Credit supply, flight to quality and evergreening: an analysis of bank-firm relationships after Lehman
This paper analyzes the effects of the financial crisis on credit supply by using highly detailed data on bank-firm relationships in Italy after Lehman’s collapse. We control for firms’ unobservable characteristics, such as credit demand and borrowers’ risk, by exploiting multiple lending. We find evidence of a contraction of credit supply, associated to low bank capitalization and scarce liquidity. The ability of borrowers to compensate through substitution across banks appears to have been limited. We also document that larger less-capitalized banks reallocated loans away from riskier firms, contributing to credit pro-cyclicality. Such ‘flight to quality’ has not occurred for smaller less-capitalized banks. We argue that this may have reflected, among other things, evergreening practices. We provide corroborating evidence based on data on borrowers' productivity and interest rates at bank-firm level.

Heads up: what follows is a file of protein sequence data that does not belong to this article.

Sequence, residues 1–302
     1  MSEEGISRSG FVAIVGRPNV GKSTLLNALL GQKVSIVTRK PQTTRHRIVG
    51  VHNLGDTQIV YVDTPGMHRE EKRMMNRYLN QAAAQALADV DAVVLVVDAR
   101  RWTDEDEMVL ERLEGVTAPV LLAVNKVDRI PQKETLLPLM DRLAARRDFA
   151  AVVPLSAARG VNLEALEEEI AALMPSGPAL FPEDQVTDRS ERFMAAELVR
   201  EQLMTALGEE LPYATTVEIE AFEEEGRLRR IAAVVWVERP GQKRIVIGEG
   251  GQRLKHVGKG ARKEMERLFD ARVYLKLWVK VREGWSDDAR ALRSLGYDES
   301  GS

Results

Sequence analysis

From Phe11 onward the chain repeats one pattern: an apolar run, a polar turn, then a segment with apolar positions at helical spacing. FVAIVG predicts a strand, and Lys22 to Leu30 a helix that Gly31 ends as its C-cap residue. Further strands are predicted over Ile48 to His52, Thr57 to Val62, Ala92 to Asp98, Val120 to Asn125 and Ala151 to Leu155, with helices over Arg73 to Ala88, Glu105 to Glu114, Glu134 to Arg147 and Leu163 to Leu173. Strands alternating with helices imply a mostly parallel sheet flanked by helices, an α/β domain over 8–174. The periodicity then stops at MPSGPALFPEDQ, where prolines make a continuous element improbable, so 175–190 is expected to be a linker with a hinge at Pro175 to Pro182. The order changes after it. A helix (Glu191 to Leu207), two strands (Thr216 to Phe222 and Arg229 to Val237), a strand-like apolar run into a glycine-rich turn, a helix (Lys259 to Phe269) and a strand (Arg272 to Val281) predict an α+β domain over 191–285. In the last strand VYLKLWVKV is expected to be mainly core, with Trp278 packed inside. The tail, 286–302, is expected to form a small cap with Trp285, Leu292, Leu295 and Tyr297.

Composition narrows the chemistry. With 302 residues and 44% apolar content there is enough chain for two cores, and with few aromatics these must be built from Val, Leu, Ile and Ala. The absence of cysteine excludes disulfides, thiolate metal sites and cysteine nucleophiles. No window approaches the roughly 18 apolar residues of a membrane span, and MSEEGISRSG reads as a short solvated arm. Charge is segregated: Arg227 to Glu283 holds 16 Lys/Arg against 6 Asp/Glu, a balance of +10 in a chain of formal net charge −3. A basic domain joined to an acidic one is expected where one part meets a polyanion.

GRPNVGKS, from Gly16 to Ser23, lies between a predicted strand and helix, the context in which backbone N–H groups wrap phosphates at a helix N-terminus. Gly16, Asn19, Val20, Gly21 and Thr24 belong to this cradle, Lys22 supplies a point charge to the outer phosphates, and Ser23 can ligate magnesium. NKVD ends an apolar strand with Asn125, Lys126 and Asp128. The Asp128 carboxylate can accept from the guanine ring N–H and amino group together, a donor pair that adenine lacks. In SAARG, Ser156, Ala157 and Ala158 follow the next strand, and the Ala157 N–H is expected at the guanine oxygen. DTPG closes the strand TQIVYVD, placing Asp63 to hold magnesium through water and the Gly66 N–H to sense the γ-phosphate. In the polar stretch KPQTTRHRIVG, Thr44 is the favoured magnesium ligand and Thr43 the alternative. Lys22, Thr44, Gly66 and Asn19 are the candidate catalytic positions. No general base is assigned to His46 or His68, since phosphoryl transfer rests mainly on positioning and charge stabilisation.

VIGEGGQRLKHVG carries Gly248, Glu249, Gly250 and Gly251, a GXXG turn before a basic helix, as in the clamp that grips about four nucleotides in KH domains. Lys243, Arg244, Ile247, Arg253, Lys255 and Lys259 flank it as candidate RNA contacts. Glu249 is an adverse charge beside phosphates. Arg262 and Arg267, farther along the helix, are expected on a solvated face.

|Date of creation:||Apr 2010|
|Date of revision:|
|Contact details of provider:|| Postal: |
Web page: http://www.bancaditalia.it
More information through EDIRC
When requesting a correction, please mention this item's handle: RePEc:bdi:wptemi:td_756_10. See general information about how to correct material in RePEc.
For technical questions regarding this item, or to correct its authors, title, abstract, bibliographic or download information, contact: ()
If references are entirely missing, you can add them using this form.